Global India
Valdai Papers
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Alexey V. Kupriyanov

The Primakov National Research Institute of World Economy and International Relations
(IMEMO), Moscow, Russia
Center for Asia Pacific Studies
Head of Group on South Asia and Indian Ocean
Senior Researcher


ORCID: 0000-0002-9041-6514


23 Profsoyuznaya Str., Moscow 117997, Russia

Valdai Discussion Club

A little over 75 years ago, Jawaharlal Nehru, barely out of prison, submitted for publication The Discovery of India, his fourth major work written in prison. It marked the end of what could be called his “prison cycle”, which included Letters from a Father to His Daughter, Glimpses of World History, and Autobiography. In these books, the future Prime Minister of India outlined a coherent concept that would serve as the basis of all future Indian foreign policy. He posited that before the colonial conquest, India was one of the world’s superpowers, but then, due to internal disagreements and a lack of understanding by its rulers of the importance of unity in the fight against an external threat, it fell victim to the British conquerors. After gaining independence, India’s main goal would be to regain its lost status as a great power, and stand on par with other major great actors.

Now, in 2023, India is closer than ever to achieving this status. Last year, it overtook its former metropole, Great Britain, in terms of GDP, becoming the fifth largest economy in the world; this year it overtook China in terms of population. All other signs of global status are there (except for manned space exploration and a permanent seat on the UN Security Council): an Arctic and Antarctic programme, possession of nuclear weapons, a successful space programme, and interests around the globe. In many ways, India owes this success to the strategic insight of its elites and their ability to negotiate with each other: whoever is at the helm, they still continue the course outlined by Nehru, only slightly correcting it depending on the changing situation in the world. Thanks to this approach, India managed to manoeuvre in time in the early 1990s, when its largest strategic partner, the USSR, disappeared from the world map.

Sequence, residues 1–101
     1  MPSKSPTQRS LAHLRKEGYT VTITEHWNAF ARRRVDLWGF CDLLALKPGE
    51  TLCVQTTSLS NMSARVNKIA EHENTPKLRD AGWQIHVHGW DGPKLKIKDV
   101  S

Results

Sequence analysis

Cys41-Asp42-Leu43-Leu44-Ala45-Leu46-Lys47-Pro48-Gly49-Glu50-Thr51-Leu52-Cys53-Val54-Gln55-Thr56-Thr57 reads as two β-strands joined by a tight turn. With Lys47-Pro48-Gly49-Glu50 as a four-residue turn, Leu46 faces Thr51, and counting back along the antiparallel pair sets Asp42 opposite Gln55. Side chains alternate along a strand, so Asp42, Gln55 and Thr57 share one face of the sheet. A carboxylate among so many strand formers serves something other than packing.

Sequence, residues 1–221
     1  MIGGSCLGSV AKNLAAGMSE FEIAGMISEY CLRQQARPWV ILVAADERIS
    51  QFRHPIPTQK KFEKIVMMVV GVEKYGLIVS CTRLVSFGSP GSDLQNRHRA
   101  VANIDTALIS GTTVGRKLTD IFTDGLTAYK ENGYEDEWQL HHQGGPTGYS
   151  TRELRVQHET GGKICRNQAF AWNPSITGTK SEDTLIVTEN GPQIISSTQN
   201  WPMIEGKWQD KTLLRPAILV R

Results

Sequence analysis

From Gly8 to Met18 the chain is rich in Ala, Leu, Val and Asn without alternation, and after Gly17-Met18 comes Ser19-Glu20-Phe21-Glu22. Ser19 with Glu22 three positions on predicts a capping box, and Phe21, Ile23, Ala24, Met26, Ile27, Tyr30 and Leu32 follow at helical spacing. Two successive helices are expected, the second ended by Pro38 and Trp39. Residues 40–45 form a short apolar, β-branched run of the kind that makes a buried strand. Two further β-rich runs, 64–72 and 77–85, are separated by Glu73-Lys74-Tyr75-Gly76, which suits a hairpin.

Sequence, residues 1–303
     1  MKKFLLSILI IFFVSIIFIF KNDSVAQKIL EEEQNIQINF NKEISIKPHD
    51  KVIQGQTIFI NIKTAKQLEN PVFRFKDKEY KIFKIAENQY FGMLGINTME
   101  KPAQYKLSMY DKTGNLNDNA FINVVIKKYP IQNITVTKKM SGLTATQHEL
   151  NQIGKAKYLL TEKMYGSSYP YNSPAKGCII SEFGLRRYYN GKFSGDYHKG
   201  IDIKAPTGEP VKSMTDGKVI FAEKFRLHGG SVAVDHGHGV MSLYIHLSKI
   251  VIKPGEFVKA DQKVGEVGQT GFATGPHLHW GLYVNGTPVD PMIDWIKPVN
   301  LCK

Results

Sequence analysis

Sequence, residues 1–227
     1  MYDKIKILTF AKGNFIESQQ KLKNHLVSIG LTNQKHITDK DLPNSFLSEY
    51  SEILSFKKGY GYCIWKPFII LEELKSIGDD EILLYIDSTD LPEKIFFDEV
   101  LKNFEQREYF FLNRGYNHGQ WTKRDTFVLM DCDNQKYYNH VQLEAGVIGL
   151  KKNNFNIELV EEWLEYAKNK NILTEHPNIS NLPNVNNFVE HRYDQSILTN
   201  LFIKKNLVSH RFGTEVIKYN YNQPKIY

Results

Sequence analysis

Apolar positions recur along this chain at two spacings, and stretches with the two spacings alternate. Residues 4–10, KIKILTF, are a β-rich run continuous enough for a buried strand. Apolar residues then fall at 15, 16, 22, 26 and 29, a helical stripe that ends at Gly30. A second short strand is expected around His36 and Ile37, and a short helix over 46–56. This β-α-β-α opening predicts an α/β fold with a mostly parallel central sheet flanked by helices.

Instead of sliding into crisis in the wake of the Soviet Union’s fall or enduring the whole set of humiliations that usually follow defeat in a war, New Delhi, through a series of skilful manoeuvres, managed to fit into the new world order, and find a niche for its economy. The growing need for IT specialists of various profiles has allowed the Indians to launch a large-scale expansion in the global service market, take advantage of globalisation, and ensure economy growth rates of up to 9.6% per year. Now the rate has ebbed somewhat, but such growth remains an unattainable frontier for many countries, including Russia.

Cold War as a Special Type of Conflict: A Strategic Sketch
Alexey V. Kupriyanov
A Cold War can be compared with a multi-level chess game played simultaneously on several boards: economy, technology, politics, security, and ideology. Moves on one board cast a strategic shadow on the other boards, and a loss on one board leads to a loss of the entire game.


Global India: two dimensions

India’s global ambitions have two dimensions: political and economic, and they differ both in their mechanisms for implementing the Indian presence and in its scale.

India’s political elites think of the world in terms of concentric circles: the immediate neighbourhood, the extended neighbourhood, and the rest of the world. The first includes the countries of South Asia (Nepal, Bhutan, Bangladesh, Myanmar, Sri Lanka, Maldives) and the Indian Ocean region (Seychelles, Mauritius), the situation and relations with which are critical for India’s security. New Delhi seeks to include them in its political and military orbit, in the event of a conflict, in one way or another it tries to restore the status quo that is beneficial to itself. So, in 1988, Indian special forces liquidated a coup d’état in the Maldives, a year earlier, India intervened in a conflict in Sri Lanka, and in the late 1990s supported separatists in Myanmar. The second circle includes the countries of East Africa, the Middle East, and Central and Southeast Asia, where large and medium-sized Indian businesses are most active. There, India primarily protects its economic interests. Finally, in the third area, New Delhi seeks to shape the image of India as a responsible great power that claims to be equal to the world’s heavyweights in deciding the fate of the planet.

This concentric scheme rests on a historical substratum which has been carefully prepared by Indian historians and experts. Like any polity of the Old World with a history stretching back more than three hundred years, the Indians feel comfortable when a reliable cultural and philosophical historical base is placed under their geopolitical constructs. That is why the Indian perception of the Indo-Pacific region is so local and limited by the waters of the Indian Ocean and the Western Pacific, and why Indian regional projects are so poorly combined with Chinese ones: if Beijing, in its initiatives to restore the Silk Road, focuses on the historically existing trade route between China and Europe, where the polities of Hindustan acted as transit points at best, then India looks to its historical role as the centre of an extensive trade network that covered the entire Indian Ocean, the Eastern Mediterranean and the Western Pacific.